I can’t deny it: I’ve been waiting for this one for a while. I find the idea of time travel a fascinating one. It’s pure speculation, in a genre known for it.
The Time Roads takes an interesting approach, both structurally and in-story. It’s not a novel so much as four intertwined novellas, taking place over a 17 year period and in different time streams. This is something that could be confusing for readers, but I appreciate the fact that Bernobich doesn’t cut down into chunks. She expects the reader to follow along, and given that I don’t enjoy being pandered to and explained at this gets extra marks from me.
The novellas are set in an alternate political history, one where the relationship between Ireland and Britain has been flipped. Ireland is a great power, and is experiencing (ever more) trouble with its dependencies across the water. This is set against a wider backdrop – both continental and global – of shifting governments and loyalties.
The Golden Octopus (beginning in 1897, but spanning several years) starts things off, with the introduction of Áine, the Queen of Ireland and the commander of her guard, Aidrean. While the latter is off investigating a series of murders, the young Áine is fascinated with the scientist-mathematician Breandan, who is researching his way to viable time travel. A Flight of Numbers Fantastique Strange (1902) explores the murder investigation from another perspective. I won’t spoil the ending, but suffice to say by the time it’s all done the timeline has shifted. Ars Memoriae (1904) returns to Aidrean, who’s sent off to the continent to investigate various plots and treacheries, and it’s here the possibility of altered universes becomes a political tool rather than a personal quest. Finally, back in Ireland – The Time Roads (1914) – Áine is dealing with Anglian rebellion, where politics and time travel are making a giant, murderous mess of her country.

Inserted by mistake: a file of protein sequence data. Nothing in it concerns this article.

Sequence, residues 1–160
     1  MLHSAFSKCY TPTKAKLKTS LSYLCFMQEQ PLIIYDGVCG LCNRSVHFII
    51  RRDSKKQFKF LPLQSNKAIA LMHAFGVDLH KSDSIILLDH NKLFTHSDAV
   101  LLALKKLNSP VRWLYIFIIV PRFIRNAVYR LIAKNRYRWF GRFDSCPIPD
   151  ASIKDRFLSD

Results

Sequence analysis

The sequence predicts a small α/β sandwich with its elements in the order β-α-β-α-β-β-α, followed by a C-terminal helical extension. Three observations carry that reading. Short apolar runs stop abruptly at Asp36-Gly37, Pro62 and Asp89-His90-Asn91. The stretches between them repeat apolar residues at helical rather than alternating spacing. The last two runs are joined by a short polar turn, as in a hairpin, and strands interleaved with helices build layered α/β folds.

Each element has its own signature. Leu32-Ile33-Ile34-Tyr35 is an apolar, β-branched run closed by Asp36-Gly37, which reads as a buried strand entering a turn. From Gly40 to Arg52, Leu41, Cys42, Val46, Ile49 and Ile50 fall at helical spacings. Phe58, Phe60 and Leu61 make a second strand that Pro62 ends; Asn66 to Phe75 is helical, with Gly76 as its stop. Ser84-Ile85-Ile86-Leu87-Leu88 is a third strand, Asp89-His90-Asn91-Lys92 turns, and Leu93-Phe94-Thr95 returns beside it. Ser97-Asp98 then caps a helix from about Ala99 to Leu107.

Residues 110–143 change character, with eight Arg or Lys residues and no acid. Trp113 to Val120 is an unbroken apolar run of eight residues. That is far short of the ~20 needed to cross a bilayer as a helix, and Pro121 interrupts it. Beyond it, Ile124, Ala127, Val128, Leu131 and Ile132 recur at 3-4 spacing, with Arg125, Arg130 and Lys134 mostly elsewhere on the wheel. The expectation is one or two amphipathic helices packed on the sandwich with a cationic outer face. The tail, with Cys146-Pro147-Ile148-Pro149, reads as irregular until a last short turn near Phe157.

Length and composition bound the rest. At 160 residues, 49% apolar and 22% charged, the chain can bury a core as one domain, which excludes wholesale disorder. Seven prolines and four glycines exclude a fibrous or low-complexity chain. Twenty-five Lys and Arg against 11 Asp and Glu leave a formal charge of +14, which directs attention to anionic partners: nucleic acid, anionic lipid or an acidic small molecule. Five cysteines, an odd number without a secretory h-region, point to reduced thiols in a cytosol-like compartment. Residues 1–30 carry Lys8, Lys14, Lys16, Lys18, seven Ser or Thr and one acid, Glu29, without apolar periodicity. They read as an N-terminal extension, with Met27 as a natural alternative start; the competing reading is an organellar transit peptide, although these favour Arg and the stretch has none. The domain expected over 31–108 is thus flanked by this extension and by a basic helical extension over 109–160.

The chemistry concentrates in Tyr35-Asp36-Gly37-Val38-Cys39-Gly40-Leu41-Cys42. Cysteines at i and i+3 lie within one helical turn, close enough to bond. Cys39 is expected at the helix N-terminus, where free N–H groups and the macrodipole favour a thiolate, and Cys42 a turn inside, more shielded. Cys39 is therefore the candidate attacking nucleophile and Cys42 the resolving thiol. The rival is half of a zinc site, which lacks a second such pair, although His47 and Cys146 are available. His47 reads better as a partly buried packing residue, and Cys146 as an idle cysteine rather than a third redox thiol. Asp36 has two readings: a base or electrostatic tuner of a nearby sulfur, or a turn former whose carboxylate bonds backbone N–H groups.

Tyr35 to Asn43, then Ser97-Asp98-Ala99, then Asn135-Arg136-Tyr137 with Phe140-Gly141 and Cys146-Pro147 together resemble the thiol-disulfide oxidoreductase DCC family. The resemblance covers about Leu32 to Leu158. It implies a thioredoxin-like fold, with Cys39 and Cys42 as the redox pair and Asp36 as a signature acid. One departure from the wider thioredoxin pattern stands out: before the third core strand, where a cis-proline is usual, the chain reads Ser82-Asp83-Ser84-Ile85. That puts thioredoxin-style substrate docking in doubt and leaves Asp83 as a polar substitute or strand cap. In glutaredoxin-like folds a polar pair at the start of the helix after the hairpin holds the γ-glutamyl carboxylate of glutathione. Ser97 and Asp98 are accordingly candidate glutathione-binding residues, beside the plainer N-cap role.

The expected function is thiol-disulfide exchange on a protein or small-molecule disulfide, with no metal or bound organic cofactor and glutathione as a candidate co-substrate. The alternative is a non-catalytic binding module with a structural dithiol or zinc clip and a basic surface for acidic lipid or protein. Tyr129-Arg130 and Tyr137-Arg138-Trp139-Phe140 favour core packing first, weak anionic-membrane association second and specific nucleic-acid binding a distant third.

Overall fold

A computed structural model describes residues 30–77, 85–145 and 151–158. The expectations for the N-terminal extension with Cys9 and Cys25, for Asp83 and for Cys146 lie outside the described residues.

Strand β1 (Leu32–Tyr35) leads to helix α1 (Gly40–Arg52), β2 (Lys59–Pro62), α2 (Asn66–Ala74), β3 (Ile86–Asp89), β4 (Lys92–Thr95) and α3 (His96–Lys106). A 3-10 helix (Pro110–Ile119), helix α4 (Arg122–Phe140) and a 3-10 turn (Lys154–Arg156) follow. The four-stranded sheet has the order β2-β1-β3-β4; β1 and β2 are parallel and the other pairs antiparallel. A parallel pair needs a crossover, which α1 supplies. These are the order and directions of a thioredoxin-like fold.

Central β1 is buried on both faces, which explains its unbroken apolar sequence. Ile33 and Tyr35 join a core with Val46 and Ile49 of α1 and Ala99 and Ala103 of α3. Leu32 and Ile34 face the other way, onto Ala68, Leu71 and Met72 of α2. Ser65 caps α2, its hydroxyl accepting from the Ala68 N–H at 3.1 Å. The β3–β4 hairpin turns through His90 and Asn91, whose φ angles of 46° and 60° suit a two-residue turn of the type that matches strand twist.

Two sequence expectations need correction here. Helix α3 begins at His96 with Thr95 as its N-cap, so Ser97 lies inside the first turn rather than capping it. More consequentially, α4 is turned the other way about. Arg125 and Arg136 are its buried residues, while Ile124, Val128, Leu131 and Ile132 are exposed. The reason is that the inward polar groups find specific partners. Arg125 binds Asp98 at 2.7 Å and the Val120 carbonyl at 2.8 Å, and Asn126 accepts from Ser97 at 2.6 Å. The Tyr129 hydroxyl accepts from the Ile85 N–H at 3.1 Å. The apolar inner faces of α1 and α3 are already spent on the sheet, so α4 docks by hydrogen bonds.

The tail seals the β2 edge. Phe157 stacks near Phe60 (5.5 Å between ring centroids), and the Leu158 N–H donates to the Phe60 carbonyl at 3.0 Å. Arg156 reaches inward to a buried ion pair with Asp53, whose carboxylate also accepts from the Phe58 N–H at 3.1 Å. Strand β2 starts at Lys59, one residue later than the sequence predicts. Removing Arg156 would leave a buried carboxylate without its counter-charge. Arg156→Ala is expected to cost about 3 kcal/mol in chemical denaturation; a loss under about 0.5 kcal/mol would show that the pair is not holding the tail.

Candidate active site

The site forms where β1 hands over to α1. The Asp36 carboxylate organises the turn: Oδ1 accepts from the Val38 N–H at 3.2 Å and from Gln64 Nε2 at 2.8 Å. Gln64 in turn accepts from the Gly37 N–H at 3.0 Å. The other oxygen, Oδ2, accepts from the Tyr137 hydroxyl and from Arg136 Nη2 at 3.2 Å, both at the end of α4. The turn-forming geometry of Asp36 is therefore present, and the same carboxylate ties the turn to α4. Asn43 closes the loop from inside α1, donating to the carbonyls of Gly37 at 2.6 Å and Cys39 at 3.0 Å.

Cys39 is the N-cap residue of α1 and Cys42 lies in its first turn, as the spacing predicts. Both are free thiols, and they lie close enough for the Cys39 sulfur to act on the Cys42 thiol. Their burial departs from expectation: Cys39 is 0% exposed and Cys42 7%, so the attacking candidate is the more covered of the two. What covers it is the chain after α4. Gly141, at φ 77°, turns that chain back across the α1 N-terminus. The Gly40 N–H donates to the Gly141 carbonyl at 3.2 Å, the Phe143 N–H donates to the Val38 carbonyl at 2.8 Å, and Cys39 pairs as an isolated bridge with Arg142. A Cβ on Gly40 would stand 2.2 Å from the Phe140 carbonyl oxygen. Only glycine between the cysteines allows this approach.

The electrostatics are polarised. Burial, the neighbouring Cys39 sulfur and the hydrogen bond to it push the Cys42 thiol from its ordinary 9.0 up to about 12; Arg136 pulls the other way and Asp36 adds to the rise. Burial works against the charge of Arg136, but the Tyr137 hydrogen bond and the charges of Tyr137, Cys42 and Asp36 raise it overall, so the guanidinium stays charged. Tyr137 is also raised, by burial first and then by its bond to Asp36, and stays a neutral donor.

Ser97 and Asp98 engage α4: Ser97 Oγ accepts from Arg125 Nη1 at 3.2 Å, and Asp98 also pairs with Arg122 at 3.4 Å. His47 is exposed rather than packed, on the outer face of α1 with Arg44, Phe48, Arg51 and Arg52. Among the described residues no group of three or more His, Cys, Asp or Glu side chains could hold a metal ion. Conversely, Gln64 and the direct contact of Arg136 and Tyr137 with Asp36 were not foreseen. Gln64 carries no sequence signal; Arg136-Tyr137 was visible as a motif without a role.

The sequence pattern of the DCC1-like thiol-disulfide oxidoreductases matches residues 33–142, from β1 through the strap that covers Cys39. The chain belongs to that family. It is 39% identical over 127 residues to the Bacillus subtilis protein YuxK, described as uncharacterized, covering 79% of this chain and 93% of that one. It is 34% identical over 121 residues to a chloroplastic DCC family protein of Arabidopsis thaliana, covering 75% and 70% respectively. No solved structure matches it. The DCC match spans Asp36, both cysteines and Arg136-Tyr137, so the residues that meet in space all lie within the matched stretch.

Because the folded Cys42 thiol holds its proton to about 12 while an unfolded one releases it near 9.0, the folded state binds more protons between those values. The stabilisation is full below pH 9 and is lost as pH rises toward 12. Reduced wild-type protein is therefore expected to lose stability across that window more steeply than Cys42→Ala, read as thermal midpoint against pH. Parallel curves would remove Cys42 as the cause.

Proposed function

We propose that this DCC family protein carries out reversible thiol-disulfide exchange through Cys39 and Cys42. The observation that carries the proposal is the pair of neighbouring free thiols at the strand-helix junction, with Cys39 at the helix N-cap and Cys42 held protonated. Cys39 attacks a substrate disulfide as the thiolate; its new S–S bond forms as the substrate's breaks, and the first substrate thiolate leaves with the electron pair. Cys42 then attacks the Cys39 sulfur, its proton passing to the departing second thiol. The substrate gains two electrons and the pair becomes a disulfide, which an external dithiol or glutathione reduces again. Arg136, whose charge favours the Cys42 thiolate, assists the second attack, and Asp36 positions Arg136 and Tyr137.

Of particular interest is Bernobich’s conception of altered time – particularly the fact that when time changes, memories of the (alternate) life intrude on the individual as he or she goes about their business. This, as one might imagine, is a highly disconcerting occurrence. It’s the kind of thing that could make one doubt their sanity – but it also allows the characters extra knowledge with which to navigate cause and effect. And to compare their lives before and after, as it were.
One of the characters that strikes me here is Ó Cadhla. An advisor of Áine’s, he’s very much the gruff old uncle figure. He also has a dead daughter, Maeve, who is “resurrected” when timelines shift. Well, good. We see his grief, we feel for him, but everything gets fixed – in his world, anyway. I can’t help but wonder about the parents, if there are any, who have the memories of a live child and the reality of a dead one. What would they do to get hold of a time machine and alter their reality? Unsurprising, then, that personal motive – saving of parents rather than child – is a factor. Push down on one end of a see-saw, and the other end come up.